Lab equipment > Particle characterisation

Malvern Zetasizer Pro and Ultra bioparticle characterisation tool

01 July, 2019

The Malvern Zetasizer range has helped improve product quality and stability of a wide range of particles and biomolecules and, more recently, protein-based drug formulations.


PAMAS SVSS particle counter

18 June, 2019

The PAMAS SVSS is a standard laboratory particle counter for pharmaceutical applications (control of parenterals, infusion solutions, ophthalmic and oral fluids) and other low-viscous liquids. The instrument may be used standalone or software controlled.


Retsch Technology CAMSIZER P4 particle analyser

27 March, 2019

The CAMSIZER P4, from Retsch Technology, analyses all size and shape parameters of a variety of bulk materials and granulates, including spherical and irregularly shaped grains and crystals, spray-dried and fluid bed granular materials, pellets and extrudates.


Nanoparticles switch phases in flight

27 February, 2019

Researchers have discovered a phenomenon known as inorganic isomerisation, in which inorganic materials are able to switch between discrete states almost instantaneously.


Reduce the need for time-consuming and expensive analysis using Multi-Angle Dynamic Light Scattering (MADLS)

14 August, 2018

Achieve higher resolution particle size and concentration analysis.


Malvern Zetasizer Pro and Ultra for nanoparticle measurement with MADLS

01 June, 2018

Built on the Zetasizer Nano range, the Zetasizer Pro and Ultra systems from Malvern Panalytical deliver enhanced speed and ease of use for the measurement of particle and molecular size, particle charge and particle concentration.


Izon Science qVIRO-X nanoparticle measurement system

22 November, 2017

The Izon qViro-X is a system designed for size, concentration and aggregation data for bacteria, viruses and vaccines. The product directly measures the size of individual nanoparticles in solution, to build up a profile of concentration (viral titre) against size and, therefore, the degree of sample aggregation.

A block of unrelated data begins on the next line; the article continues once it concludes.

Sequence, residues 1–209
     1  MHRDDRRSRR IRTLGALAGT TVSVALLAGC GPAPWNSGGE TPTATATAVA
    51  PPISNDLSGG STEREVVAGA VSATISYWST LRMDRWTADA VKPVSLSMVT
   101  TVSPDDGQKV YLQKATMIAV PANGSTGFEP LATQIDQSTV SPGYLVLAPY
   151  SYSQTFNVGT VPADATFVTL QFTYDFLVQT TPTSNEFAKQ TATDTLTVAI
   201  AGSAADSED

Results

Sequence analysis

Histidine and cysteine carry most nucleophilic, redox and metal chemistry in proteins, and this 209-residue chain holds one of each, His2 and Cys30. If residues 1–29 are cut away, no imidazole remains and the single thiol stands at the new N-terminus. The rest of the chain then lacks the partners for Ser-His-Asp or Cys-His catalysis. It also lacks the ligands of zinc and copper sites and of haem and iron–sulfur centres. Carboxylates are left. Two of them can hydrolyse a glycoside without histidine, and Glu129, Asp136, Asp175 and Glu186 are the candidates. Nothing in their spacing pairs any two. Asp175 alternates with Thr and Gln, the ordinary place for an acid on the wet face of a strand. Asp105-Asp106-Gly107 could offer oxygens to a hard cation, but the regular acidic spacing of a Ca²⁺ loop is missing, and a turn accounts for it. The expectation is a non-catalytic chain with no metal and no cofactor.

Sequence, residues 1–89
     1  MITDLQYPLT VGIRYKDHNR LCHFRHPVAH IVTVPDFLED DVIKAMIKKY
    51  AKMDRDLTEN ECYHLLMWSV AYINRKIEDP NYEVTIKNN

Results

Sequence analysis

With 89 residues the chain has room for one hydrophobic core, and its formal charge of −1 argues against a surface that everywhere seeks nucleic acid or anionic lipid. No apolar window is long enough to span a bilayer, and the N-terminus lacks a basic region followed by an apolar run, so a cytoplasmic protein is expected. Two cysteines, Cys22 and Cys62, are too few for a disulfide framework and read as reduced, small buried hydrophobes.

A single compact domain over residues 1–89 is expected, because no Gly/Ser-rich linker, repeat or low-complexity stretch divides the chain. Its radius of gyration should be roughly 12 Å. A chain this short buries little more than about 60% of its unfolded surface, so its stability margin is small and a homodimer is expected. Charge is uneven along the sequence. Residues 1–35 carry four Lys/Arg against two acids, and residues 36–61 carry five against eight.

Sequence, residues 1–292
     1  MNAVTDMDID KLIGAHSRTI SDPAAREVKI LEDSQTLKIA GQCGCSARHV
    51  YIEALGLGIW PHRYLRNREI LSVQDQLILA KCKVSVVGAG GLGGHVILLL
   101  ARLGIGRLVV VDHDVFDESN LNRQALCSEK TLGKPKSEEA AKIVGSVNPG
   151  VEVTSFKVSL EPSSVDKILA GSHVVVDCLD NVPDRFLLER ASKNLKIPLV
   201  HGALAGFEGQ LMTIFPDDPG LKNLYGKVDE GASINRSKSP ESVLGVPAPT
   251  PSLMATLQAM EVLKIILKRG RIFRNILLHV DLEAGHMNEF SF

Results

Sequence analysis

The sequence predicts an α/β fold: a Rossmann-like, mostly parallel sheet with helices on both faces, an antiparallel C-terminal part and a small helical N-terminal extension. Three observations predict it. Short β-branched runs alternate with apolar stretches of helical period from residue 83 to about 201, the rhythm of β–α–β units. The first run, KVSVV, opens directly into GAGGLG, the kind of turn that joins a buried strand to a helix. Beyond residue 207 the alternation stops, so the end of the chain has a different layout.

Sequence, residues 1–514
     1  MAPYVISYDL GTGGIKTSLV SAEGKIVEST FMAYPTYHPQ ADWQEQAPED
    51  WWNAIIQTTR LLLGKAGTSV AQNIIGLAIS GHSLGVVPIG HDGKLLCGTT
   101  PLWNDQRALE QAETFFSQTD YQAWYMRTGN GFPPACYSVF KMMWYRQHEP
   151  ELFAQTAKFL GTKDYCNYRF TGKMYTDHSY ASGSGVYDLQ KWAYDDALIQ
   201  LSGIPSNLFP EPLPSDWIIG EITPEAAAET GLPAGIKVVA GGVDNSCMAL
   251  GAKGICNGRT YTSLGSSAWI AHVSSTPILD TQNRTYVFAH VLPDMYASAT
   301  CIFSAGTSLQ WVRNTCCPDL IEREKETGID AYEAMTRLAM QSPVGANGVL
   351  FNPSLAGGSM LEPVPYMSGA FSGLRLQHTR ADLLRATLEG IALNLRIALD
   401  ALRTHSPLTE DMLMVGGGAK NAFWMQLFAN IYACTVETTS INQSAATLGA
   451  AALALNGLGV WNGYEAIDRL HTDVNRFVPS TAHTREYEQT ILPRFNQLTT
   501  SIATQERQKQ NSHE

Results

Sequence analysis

Shape-shifting polymers could improve cancer drug delivery

03 November, 2017

UNSW scientists have developed a way to control the shape of polymer molecules so they self-assemble into non-spherical nanoparticles. Their work is expected to improve the delivery of toxic drugs to tumours.


Particle & Surface Sciences POLA 2000 for particle sizing and counting

03 August, 2017

Particle & Surface Sciences' POLA 2000 for particle sizing and counting has been modified to include extra applications.


The University of Melbourne boosts its toolkit for nanoparticle analysis with the Malvern NanoSight NS300

10 April, 2017

The Malvern NanoSight NS300, recently installed within the Materials Characterisation and Fabrication Platform (MCFP) at the University of Melbourne, is providing an easy-to-use, reproducible platform for nanoparticle characterisation.


Malvern Instruments Mastersizer 3000 particle size analyser

01 April, 2017

Malvern Instrument's Mastersizer 3000 uses laser diffraction for non-destructive automated particle size distribution measurements. It offers a broad measurement range, sample flexibility and fast data acquisition.


Characterising nanomaterials in commercial products

09 January, 2017

LGC has been using Postnova Analytics' AF2000 field-flow fractionation (FFF) system, coupled to ICP-MS, to characterise nanomaterials in complex sample matrices for clinical, cosmetic and food use.


Malvern NanoSight NS300 particle-by-particle size and concentration measurement with fluorescence detection

01 January, 2017

The NanoSight NS300 from Malvern Instruments uses nanoparticle tracking analysis (NTA) to analyse particles in liquids from 10–2000 nm in diameter.


Imaging the inside of cells with nanoparticles

03 November, 2016

Researchers at the University of Tokyo have used MPC polymers to modify the surface of nanoparticles and, in doing so, discovered a new way to image the inside of cells.


Tiny particles transformed into Lego-like building blocks

12 October, 2016

Melbourne researchers have developed a nanoscale engineering method that transforms tiny particles into Lego-like modular building blocks.


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